This season was a lot of things and had many themes, but it was perhaps a love story above all. As we’ve already discussed, Wayne and Amelia always seemed to choose each other, no matter how difficult things were. Whether she was real, imagined or something in between, the fact is that Wayne needed her to finally put Julie Purcell’s case to rest. He let go of the case in 1980 to help her start her career. He let go of the case in 1990 to save their marriage and family. In 2015, she helped him solve it and from a narrative perspective what does Wayne always do when he lets go of the case? It only makes sense that he went to be with her again.
LS: I agree 100%. I had assumed that it was going to be Hoyt’s influence that stopped her writing the second book, but he didn’t even have to tell her about what exactly happened with him for them both to trust each other enough to give up the case and do other things, going back to teaching in Amelia’s case, and Wayne to take a job in Security. They both could put their minds and skills to other things and be happy and that’s what they did. While its easier to remember back to watching their bad times, we forget about all the scenes where they worked so well together. Theirs was a very normal relationship. I felt almost awkward listening to Amelia shouting at Wayne at times, thinking, yup that’s me! I used to have this argument all the time about what was more important, the writing or the home life. It was brilliantly written.
I was led down so many paths that turned out to be red herrings—I was always suspicious about how and if the Rust & Marty case could have actually been linked; I am glad it turned out to be just an Easter egg.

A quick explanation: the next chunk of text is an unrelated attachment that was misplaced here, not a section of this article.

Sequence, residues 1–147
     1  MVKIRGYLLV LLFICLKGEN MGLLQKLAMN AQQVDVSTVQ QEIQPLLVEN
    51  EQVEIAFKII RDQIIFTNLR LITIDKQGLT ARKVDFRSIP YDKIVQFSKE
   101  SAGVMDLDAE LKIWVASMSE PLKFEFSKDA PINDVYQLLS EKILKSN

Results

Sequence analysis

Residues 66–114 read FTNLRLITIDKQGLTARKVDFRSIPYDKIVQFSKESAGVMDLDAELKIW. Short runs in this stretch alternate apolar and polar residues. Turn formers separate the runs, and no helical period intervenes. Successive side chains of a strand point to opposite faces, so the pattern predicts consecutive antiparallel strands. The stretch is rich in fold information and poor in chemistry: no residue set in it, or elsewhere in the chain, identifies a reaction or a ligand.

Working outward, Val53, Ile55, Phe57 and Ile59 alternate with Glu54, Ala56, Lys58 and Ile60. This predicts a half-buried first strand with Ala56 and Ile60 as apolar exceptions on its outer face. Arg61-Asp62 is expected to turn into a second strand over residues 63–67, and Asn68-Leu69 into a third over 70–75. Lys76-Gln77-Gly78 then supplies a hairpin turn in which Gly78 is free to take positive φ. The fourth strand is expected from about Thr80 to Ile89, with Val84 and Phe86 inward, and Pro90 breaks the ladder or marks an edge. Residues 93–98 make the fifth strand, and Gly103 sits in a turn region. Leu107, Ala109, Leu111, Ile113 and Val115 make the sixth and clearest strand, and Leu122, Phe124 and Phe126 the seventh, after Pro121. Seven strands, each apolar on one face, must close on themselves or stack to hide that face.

AG: I am too. What were some of your favorite moments or scenes from this season?
LS: Anything with Scoot McNairy. He was just so brilliant as Tom Purcell, whose character changed so much from when we initially met him. His scene in the police station being questioned by Roland and Wayne; Roland who had to really push himself to be hard on him, both of them played that to perfection. Stephen Dorff seriously impressed me too. I hope for many more great roles for both of them in future.
What were yours?
AG: I have a lot. Roland with the dog in the parking lot broke my heart. Dorff really made you feel every bit of pain Roland was in there, after killing a man, essentially ending his friendship with Hays and really just being in a terrible place. That dog, after trying to turn him away, became all he had in the world there in that moment. The most haunting moment for sure was the massacre at Woodard’s house and the exchange between him and Hays before Hays killed him. That was as powerful a scene as I had watched in a long time.
To wrap things up here, what were your overall thoughts on the season?
LS: It has been without a doubt one of the best shows I have watched in years. The amount of character development they managed to get into just 8 hours was outstanding. Some people thought it was slow, but going at a faster pace than that would have ruined it for me. Every little detail, every facial expression was exquisite. The cinematography, the way the scenes jumped from decade to decade, and the makeup! They should be getting awards for such brilliant ageing makeup.
I am genuinely sad that it is over. I wanted to spend more time with these people I grew really fond of over the last 8 weeks.
AG: Absolutely agree. I have a feeling we’ll be continuing to talk about and write about True Detective Season 3 for some time to come.
Laura, it’s been a blast sharing the writing duties with you for this season of True Detective. I’m glad we, as the two people who covered the show for the site, got to have this conversation. Next week we’re going to have a full roundtable discussion about Season 3 with a few additional writers. Thanks everyone for checking this out and we’ll be back next week for the roundtable discussion!